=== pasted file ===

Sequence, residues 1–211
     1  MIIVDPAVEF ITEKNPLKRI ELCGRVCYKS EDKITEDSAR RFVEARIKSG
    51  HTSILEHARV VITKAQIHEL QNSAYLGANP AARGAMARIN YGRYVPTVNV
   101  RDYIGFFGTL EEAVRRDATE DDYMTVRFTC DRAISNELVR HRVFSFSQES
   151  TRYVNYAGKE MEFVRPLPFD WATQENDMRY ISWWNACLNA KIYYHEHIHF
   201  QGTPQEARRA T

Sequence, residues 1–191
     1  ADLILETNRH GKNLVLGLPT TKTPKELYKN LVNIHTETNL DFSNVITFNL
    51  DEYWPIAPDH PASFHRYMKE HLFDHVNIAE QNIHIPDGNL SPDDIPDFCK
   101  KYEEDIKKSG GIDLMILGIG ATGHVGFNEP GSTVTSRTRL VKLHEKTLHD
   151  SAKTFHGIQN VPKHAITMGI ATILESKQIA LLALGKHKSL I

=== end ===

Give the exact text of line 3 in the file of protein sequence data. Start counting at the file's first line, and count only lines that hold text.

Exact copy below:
    51  HTSILEHARV VITKAQIHEL QNSAYLGANP AARGAMARIN YGRYVPTVNV